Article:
How to Compress Audio Files

By Josh Fredman

Everybody appreciates good sound quality, but extremely high-quality audio consumes inordinate disk space and also takes up a lot of bandwidth when you stream it over the Internet. People therefore often compress their audio files for general use, especially for uploading to the Web. The more efficient "lossy" audio compression methods rely on the fact that most music contains sound that the human ear barely hear, or can't hear at all. Removing these sounds reduces the file size, allowing for massive compressive efficiencies with minimal quality loss. "Lossless" compression eliminates any quality loss, but with much smaller efficiencies.

In iTunes

Step 1

Launch iTunes, then click "Edit | Preferences | General | Import Settings."

Step 2

Select the new audio file format to which you want to convert your existing audio file. Choose the lossy format of your choice, such as MP3, OGG, AAC and WMA.

Step 3

Select the files you want to convert from your iTunes library; you can choose more than one at a time if you want.

Step 4

Click "File" on the menu, then click "Create New Version" and finally click "Create Format Version."

In VLC Media Player

Step 1

Launch VLC Media Player. VLC is a free, open source, cross-platform media player that offers an alternative to proprietary players like iTunes.

Step 2

Click "Media" on the menu, then click "Convert / Save." Click on "Add" and select as many files as you want to convert, then click "Convert / Save."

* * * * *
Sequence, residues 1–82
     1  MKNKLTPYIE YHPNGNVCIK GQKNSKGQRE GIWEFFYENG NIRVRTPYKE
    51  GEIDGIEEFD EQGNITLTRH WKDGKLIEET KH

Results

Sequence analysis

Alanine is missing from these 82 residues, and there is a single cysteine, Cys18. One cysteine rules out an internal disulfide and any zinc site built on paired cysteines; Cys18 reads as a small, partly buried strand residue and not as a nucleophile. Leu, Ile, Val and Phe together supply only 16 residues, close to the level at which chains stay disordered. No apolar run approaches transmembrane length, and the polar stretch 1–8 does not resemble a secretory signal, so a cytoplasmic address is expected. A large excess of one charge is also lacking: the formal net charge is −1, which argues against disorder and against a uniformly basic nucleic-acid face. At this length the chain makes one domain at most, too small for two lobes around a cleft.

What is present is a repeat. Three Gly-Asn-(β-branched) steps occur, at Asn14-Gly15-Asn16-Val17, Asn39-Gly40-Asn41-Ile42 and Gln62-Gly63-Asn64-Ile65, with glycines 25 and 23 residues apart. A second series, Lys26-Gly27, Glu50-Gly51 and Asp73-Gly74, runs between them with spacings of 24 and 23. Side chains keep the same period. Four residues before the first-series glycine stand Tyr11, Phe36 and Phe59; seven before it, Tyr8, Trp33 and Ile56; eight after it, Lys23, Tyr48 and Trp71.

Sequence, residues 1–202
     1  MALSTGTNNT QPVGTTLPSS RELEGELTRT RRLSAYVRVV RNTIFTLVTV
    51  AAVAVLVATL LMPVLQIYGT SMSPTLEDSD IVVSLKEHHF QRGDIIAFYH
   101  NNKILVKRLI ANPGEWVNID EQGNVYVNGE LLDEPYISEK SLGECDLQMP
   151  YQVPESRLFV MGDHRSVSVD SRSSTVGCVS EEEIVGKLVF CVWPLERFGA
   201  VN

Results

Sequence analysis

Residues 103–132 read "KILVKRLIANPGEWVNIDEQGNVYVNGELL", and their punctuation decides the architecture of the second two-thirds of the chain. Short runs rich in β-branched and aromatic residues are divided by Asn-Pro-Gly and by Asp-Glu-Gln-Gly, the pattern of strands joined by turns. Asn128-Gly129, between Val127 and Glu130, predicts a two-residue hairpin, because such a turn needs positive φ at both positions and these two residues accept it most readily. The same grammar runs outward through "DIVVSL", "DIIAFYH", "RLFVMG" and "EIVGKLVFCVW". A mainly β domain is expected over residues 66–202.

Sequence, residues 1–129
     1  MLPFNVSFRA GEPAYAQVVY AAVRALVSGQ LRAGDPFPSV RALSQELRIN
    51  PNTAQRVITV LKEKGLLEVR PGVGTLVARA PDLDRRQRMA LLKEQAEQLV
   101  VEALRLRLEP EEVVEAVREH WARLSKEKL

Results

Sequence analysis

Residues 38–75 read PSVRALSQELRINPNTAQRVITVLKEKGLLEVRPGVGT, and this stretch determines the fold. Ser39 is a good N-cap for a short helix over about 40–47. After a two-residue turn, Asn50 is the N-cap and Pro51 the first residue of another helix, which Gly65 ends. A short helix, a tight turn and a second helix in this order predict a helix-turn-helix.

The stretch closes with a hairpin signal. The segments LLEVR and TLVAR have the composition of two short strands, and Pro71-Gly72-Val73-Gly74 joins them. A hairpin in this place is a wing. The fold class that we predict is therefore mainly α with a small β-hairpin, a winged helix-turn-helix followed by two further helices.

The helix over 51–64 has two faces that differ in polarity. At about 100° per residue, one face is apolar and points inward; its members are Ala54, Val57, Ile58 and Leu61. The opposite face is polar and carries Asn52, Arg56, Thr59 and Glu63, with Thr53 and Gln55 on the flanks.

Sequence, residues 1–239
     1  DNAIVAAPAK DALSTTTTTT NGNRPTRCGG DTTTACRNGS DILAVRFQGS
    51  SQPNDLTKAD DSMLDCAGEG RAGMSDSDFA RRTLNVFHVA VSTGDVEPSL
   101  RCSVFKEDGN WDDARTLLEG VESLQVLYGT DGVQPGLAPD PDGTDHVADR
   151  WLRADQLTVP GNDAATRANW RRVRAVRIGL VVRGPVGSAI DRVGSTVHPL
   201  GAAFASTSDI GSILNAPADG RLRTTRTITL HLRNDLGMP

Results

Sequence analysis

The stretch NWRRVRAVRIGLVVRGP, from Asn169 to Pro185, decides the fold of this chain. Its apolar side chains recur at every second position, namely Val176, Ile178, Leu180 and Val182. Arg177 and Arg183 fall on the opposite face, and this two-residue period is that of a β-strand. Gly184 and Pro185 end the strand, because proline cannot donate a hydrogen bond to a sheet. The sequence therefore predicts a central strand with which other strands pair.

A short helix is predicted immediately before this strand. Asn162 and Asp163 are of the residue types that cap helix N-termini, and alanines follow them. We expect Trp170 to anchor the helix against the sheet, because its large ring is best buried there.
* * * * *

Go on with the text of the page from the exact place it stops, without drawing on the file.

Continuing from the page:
Step 3

Click the "Profile" drop-down menu and choose the lossy audio file format to which you want to convert the existing audio files.

Step 4

Click on the Edit Selected Profile button, marked by a screwdriver and wrench icon, immediately next to the drop-down menu. Select the "Audio Codec" pane. Choose the specific audio codec you want -- note that you have more options here than on the main profile drop-down menu.

Step 5

Set the bitrate and sample rate as far down as you want. The farther you go, the smaller the file will be, but the quality of the audio will also be lowered. If you want further savings, you can also shrink the number of channels to two for simple stereo or one for monoaural.

Step 6

Click "Save" when you're finished.

Step 7

Choose the destination directory for the converted files, then click "Start" to begin the conversion process.

Tips & Warnings

  • When it comes to lossy compression, don't compress the same file more than once, as repeated compression can cause serious distortions and quality degradation. In other words, don't compress a file that is already in a lossy format, such as MP3 or AAC. Always start with an uncompressed file version if available.
  • If you only want to temporarily compress an audio file, such as to make it fit in an email or store it on a medium with limited space, use a file compression utility instead of degrading the quality of the audio. File compressors use algorithms to reduce a file's size without any loss of data, and you can reverse the compression later. Some popular general-purpose compression utilities include 7-Zip, WinRAR and WinZip. Some popular lossless audio compression utilities include Free Audio Converter, Monkey's Audio and WavPack.